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and give the teachers stipends worthy their pains, that they may bring them up in grammar, in logic, in rhetoric, in philosophy, and civil law, and in that which I cannot leave unspoken of, the word of God.” So, again, in the “Injunction” prefixed to the “ Catechism set forth by the King's Majesty's authority (Edward VI.) in 1563, for all schoolmasters to teach," the object of the Catechism is stated to be, “that the yet unskilful and young age, having the foundation laid both of religion and good letters, may learn godliness together with wisdom; and have a rule for the rest of their life, what judgment they ought to have of God, to whom all our life is applied, and how they may please God, wherein we ought, with all the doings and duties of our life, to travail. Wherewith being furnished, by better using due godliness toward God the Author of all things; obedience toward their King, the shepherd of the people ; loving affection to the commonweal, the mother of all; they may seem not born for themselves, but be profitable and dutiful toward God, their King, and their country.” Thus, again, in Archbishop Grindal's “Injunctions for the Laity,” given at York in 1571, it is directed—“that no schoolmaster shall teach, either openly or privately, in any gentleman's house, or in any other place, unless he be of good and sincere religion and conversation. He shall teach his scholars the Catechism and such sentences of Scripture, besides profane chaste authors, as shall be most meet to move them to the love and due reverence of God's true religion, and to induce them to all godliness and honest conversation.”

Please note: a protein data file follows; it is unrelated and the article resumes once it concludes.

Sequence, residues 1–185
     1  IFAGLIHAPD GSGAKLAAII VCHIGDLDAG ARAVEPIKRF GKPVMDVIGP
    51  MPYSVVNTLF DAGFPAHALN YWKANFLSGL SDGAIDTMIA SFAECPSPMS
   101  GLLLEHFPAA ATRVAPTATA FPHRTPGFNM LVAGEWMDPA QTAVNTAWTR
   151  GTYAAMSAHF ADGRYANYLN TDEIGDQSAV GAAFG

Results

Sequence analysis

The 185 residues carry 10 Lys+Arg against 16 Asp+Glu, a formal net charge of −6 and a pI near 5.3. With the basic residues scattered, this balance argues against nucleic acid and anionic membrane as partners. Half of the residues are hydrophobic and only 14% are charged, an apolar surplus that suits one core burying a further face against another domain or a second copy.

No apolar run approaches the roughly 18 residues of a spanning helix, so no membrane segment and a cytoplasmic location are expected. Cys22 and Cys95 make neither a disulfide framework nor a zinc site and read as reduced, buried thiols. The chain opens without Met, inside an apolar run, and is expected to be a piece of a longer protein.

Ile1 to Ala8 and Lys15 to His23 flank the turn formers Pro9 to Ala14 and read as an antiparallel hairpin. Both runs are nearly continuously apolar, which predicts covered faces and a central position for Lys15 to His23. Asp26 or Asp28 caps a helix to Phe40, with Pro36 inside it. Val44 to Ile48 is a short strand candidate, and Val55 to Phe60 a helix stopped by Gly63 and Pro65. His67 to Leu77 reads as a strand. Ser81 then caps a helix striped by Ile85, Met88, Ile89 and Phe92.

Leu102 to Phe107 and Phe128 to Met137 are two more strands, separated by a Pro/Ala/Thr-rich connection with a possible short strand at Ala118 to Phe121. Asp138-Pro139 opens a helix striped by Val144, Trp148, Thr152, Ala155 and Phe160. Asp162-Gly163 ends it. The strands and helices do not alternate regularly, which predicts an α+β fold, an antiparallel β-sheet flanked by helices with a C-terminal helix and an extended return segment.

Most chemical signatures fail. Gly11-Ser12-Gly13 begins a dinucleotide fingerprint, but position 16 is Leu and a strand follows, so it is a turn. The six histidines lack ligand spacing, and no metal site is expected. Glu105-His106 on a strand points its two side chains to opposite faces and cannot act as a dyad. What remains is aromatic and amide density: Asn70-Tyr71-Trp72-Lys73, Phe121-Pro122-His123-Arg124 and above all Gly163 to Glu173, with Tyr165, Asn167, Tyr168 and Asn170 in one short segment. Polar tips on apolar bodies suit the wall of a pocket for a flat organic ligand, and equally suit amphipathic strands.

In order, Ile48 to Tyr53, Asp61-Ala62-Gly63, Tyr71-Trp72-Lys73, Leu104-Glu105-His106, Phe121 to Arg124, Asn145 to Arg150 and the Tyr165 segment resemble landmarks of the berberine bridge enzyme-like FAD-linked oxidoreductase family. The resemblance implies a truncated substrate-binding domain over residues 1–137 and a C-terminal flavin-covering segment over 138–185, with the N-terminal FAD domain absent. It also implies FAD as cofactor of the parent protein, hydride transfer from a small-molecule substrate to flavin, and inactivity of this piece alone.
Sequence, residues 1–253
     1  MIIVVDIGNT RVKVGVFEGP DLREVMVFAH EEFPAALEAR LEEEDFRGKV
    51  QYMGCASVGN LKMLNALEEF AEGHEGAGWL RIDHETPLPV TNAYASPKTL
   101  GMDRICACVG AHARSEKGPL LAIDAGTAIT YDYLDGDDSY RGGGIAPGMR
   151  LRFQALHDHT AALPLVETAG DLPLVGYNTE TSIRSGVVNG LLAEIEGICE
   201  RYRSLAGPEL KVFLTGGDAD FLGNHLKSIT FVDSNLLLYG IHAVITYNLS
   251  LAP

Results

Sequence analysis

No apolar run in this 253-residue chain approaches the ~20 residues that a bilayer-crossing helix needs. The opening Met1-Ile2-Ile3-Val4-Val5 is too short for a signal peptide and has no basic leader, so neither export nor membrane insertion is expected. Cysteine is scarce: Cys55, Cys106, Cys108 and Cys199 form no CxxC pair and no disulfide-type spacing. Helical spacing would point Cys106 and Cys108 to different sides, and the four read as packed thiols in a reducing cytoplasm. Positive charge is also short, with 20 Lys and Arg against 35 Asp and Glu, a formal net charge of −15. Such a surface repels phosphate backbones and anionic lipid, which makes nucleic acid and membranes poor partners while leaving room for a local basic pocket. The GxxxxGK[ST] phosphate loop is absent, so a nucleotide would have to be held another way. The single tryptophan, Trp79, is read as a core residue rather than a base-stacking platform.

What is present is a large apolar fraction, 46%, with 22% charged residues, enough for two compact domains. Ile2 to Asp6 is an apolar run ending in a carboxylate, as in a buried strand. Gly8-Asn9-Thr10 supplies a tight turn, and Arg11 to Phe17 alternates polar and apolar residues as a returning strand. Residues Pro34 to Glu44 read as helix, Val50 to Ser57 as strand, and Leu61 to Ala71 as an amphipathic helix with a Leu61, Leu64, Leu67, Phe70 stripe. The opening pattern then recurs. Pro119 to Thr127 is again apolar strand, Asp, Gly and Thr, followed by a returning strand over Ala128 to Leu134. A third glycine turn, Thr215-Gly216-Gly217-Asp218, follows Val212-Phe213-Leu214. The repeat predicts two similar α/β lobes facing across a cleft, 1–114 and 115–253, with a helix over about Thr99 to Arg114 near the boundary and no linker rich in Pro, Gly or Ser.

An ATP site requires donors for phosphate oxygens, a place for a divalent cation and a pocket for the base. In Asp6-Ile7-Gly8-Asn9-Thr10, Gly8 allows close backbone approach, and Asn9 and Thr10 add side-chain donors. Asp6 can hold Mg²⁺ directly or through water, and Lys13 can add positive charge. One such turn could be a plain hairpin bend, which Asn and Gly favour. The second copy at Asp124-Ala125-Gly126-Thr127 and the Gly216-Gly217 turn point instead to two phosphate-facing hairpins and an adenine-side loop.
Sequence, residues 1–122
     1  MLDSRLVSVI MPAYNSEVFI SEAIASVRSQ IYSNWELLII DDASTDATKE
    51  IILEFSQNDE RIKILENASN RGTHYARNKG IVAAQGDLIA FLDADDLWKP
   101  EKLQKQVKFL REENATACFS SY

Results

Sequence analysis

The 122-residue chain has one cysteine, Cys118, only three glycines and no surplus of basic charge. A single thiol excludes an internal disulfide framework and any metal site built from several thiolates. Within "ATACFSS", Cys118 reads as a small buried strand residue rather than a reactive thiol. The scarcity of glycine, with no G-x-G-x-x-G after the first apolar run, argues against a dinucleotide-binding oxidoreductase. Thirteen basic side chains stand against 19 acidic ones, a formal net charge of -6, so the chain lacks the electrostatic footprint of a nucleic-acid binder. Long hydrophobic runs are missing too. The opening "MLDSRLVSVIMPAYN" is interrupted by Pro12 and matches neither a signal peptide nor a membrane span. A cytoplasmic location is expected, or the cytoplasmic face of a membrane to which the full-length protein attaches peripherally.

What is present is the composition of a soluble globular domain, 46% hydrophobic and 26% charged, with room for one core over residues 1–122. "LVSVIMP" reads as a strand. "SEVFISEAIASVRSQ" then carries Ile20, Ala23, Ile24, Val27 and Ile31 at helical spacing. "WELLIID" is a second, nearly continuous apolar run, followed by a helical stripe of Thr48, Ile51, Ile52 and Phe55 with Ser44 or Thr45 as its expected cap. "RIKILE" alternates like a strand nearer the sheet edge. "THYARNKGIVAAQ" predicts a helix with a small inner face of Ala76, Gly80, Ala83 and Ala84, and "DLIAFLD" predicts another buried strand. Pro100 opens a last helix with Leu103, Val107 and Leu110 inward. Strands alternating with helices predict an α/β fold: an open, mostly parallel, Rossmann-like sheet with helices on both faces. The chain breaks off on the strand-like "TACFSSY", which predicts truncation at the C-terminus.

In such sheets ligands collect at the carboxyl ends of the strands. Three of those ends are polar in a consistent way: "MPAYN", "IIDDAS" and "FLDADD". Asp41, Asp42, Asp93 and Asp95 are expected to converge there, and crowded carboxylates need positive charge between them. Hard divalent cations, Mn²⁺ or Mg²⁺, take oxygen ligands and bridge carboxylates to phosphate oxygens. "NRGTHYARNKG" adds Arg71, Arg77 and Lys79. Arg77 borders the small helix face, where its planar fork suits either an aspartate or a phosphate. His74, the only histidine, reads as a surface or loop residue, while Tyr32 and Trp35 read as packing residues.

Whilst the education of young persons on scriptural and religious principles was thus cared for and promoted in England, the same object was zealously attempted in Ireland. For, by an Act passed in the reign of Henry VIII., (A.D. 1537,) an oath was to be administered “ to such as take orders, and to such as are instituted to any benefice, (in Ireland,) to keep, or cause to be kept, within his parish, a school for to learn English, if any children of his parish came to him to learn the same.” *
It may be doubted, whether this Act had any very direct bearing on the religious instruction of the youth of Ireland. But it was an important step, if it had been but duly followed up, to the advancement of general education in that country. In the twelfth year of the reign of Queen Elizabeth, (A.D. 1570,) an Act was also passed for the erection of free schools throughout the kingdom ; the preamble of which sets forth the occasion of the Act: “Foragmuch as the greatest number of this Your Majesty's realm hath of long time lived in rude and barbarous states, not understanding that Almighty God hath by His Divine laws forbidden the manifold and heinous offences which they spare not daily to commit and perpetrate, nor that He hath by His holy Scriptures commanded a due and humble obedience from the people to their princes and rulers ; whose ignorance in these so high points, touching their damnation, proceedeth only of lack of good bringing up of the youth of this realm, either in public or private schools," &c. And then ensues the enactment, in substance to the effect that there be thenceforth a free school within every diocese of Ireland ; that the school-house shall be erected in the principal shire-town, where school-houses are not already built; and that the Lord Deputy and Council shall appoint a convenient yearly salary, of which one third part shall be borne by the Ordinary, and the other two by the Clergy of the diocese. It is to be lamented that,
* Mant's History of the Church of Ireland, chap. ii., sect. I. + Ibid., chap. v., sect. 2.
some years afterwards, “ these schools, which might have been a means to season the youth in virtue and religion, were either ill-provided and illgoverned in the most part, or (which was worse) applied sometimes, underhand, to the maintenance of Popish schoolmasters, and to Popish uses generally,—especially during the reign of James II.”* But the intention of Elizabeth and her advisers was benevolent and Christian, and in harmony with the principles on which education was sought to be promoted in England.